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To the airmen who trained at Sampson Air Base, N.Y.



When war started in Korea, I was one of the 37 enlisted men to open Sampson Air Base, N.Y. The base had been closed since World War II.

I arrived the 19th of December, 1950. Basic training would not start for two months. A couple of the airmen were standing at the locked gate when I arrived, and we broke the lock and went on base.

We saw high grass and lots of snow and weeds everywhere. We were looking for the three buildings that should have been opened. I had not seen snow in my three years in Texas.

Some time later a couple of officers arrived. I could tell they would rather had been someplace else.

A Captain Satulla came up to me and told me that he was the officer in charge of Printing, Publications and Special Orders Department, and would be my boss. He showed me my office, about the size of a large broom closet with a small desk and one printing press that looked about a hundred years old.

I had arrived at Sampson a month after my 21st birthday and had three years in grade as a corporal with six years of service.

My new boss told me to type up orders on all airmen to promote them to the next highest grade. He also wanted his name on the orders to promote himself to major, and that he would sign the orders. I typed the orders, inked the old press up, put the plate on, turned on the press, and it walked all over the floor.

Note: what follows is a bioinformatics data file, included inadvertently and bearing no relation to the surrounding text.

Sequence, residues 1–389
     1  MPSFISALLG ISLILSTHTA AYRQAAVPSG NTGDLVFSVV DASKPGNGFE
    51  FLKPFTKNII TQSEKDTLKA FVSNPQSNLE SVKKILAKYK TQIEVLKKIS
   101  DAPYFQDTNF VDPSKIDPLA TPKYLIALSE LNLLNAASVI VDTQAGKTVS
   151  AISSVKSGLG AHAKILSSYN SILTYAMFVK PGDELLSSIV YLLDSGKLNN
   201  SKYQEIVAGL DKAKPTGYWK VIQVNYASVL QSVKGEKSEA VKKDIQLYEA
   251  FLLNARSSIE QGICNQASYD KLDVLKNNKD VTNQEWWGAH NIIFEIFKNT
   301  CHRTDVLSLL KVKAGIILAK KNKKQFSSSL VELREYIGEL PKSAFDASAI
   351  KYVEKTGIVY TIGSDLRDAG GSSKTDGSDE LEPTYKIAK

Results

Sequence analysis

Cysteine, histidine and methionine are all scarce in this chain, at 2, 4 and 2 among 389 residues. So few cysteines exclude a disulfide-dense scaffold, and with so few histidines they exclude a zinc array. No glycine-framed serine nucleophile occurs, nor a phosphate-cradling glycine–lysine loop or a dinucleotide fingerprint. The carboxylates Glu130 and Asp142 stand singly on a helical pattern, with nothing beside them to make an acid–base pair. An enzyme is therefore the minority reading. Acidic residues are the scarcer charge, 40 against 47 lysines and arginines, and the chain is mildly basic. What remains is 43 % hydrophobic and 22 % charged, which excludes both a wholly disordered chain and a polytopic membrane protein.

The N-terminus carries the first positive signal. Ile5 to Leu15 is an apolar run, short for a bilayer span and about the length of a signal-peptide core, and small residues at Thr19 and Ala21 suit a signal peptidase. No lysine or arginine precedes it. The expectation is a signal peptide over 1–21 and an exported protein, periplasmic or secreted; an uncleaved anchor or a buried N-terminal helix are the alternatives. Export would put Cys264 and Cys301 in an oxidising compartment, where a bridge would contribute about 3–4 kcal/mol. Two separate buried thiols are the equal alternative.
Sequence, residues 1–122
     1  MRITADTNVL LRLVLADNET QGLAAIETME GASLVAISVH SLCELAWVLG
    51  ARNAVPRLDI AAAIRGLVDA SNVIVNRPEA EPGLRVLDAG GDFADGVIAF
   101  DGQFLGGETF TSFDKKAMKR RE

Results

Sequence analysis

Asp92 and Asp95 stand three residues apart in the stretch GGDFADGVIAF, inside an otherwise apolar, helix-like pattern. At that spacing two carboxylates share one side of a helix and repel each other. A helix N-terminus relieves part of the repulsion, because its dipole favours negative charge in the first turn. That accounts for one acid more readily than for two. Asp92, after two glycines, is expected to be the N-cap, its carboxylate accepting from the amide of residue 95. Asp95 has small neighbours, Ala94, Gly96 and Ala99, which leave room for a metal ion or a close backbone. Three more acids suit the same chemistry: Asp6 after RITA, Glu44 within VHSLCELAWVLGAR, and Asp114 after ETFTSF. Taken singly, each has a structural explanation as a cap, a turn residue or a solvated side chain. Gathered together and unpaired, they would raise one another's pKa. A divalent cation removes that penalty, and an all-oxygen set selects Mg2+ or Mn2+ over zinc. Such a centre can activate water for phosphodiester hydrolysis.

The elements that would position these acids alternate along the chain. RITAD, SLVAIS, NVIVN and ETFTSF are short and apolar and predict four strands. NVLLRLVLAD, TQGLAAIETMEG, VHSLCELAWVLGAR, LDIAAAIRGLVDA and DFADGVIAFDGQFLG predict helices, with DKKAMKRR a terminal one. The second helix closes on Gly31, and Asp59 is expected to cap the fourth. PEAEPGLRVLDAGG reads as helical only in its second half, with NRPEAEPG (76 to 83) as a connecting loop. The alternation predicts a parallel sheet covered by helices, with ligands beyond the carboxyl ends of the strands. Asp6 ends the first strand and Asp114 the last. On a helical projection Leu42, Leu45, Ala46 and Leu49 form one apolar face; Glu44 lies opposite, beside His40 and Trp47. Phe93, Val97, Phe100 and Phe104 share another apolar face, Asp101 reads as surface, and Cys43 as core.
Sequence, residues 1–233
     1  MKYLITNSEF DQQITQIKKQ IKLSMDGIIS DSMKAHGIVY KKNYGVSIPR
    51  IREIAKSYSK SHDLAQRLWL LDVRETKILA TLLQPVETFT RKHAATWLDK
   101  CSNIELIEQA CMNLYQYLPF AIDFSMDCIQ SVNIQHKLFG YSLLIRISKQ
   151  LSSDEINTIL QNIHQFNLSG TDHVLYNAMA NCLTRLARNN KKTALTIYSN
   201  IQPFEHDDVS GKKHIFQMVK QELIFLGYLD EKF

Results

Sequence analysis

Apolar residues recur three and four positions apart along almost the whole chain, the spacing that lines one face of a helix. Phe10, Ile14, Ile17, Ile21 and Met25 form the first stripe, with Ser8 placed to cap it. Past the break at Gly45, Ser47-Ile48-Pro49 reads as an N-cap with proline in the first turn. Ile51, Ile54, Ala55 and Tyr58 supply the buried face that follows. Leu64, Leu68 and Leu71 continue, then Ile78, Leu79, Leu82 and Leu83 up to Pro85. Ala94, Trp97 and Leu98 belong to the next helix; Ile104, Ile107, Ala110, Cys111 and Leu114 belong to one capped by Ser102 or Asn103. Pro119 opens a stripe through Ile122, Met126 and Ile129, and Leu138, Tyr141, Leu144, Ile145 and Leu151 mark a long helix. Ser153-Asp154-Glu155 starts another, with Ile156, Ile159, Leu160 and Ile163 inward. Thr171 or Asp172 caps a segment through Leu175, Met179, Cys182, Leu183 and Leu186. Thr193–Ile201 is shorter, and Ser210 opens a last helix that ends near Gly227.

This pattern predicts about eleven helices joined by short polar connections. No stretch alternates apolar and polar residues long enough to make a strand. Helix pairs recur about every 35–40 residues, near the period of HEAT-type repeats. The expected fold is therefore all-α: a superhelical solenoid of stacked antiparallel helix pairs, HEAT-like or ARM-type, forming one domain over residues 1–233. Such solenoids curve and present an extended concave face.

It took me some time to get the old press settled down. I did such a good job for him in the first six months that I was promoted to staff sergeant.

All enlisted men from the eastern part of the States, including Letcher County, were trained there in the next four years of the Korean War.

I was there all four years. I had sense enough to know that I wanted to leave before the big rush when the base closed. I cut my orders and was one of the first to leave that cold place. I got a good assignment in California at Parks Air Base as non-commissioned offi cer in charge of the base’s printing department.

My family and I loved the warm weather.

Contributing writer Everett Vanover lives in Fairfi eld, Calif.



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